The English Legal System which can be traced back as far as 1066 AD has been growing slowly over time. Certain characteristics of this law system, such as the law of precedent can be distinguished from other law systems. Judicial precedent or binding precedent often referred to as case law, is one of the main sources of English Law. As time passed a kind of court structure has matured while a hierarchy is formed between those courts. And through the doctrine of binding precedent the decisions made by the higher courts in the hierarchy are been bound on the courts below it.
In any good decision making process consistency will play an enormous role, which means like cases should be treated alike. A courts decision shall be consistent with decisions in previous cases and therefore providing certainty for future cases so that people will arrange their affairs relying on the courts opinion .
The doctrine of binding precedent is based on the Latin maxim "Stare decesis et non quieta movere" which loosely translated means, stand by what has been decided and do not unsettle the established. Which means a decision made in one case is binding on all following cases of similar fact in lower courts. In practice it means that the Court o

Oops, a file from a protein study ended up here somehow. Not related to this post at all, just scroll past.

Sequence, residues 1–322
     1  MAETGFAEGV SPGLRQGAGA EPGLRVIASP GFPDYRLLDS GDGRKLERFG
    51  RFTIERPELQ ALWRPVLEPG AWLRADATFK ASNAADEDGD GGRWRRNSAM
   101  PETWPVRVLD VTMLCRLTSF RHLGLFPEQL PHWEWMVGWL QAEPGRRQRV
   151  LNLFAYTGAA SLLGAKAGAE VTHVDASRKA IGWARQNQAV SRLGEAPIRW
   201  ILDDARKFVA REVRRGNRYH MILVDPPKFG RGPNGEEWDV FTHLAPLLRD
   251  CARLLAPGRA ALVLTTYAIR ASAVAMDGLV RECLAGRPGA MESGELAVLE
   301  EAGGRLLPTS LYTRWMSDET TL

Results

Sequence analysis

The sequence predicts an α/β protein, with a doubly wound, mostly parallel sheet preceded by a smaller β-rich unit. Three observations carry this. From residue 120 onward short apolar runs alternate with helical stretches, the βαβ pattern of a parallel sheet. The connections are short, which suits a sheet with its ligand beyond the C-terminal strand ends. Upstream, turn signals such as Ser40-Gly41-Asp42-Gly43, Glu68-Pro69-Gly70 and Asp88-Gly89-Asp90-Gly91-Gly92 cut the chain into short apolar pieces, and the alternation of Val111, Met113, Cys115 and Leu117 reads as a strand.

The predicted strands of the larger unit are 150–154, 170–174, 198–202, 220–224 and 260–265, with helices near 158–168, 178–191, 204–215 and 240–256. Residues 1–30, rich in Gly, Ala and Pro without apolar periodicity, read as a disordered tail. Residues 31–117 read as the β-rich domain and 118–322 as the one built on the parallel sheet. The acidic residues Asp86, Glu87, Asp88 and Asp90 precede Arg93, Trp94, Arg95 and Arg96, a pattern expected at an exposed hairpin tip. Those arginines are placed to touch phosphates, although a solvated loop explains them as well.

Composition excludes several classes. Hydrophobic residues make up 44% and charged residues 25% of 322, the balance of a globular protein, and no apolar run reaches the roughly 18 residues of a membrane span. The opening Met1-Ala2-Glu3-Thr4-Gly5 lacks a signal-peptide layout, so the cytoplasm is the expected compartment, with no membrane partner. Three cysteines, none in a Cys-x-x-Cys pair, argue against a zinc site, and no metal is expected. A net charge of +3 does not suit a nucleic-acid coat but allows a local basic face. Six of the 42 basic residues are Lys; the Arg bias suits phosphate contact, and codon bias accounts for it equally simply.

There is a wealth of cases to which to refer. Hence the higher the court, its decisions are more authoritative. f Appeal is generally bound by the previous decisions of its own and the courts below it is bound to follow the decisions made by the courts above it. The Divisional Courts are bound by the decisions of the House of Lords and the Court of Appeal and normally follows a previous decision of another Divisional Court. Others can be the simplicity on distinguishing the facts of the cases to avoid following an inconvenient precedent and too much case law making the system too complex. The doctrine of binding precedent still remains highly significant in the English Legal System, due to the Practice Direction of 1966, where the highest court is allowed to reverse previous decisions. However people may feel that treating two cases alike does not allow for much freedom and rigidity is formed, inhibiting the development of the law and therefore giving the impression that the law of precedent is strict and inflexible. The court held that a similar case of Donohue v Stevenson (1932) can not be considered as a precedent in this case, since negligence has occurred in the part of the workman when he constructed the crane. Other persuasive precedents are obita dicta of English judges and decisions of courts in countries like Scotland, Ireland, the Commonwealth and the USA, which are usually cited when there is a shortage of English Authority at a time. And predictability allows lawyers to advice their clients with some degree of certainty. To further understand the doctrine of binding precedents, there are two potential binding elements of law to be noted which are taken into consideration, when a judge makes a decision in the court. The status of a court must be examined to consider whether or not its decisions are binding. An efficient system of law reporting is required in order to operate and expand the doctrine of binding precedent.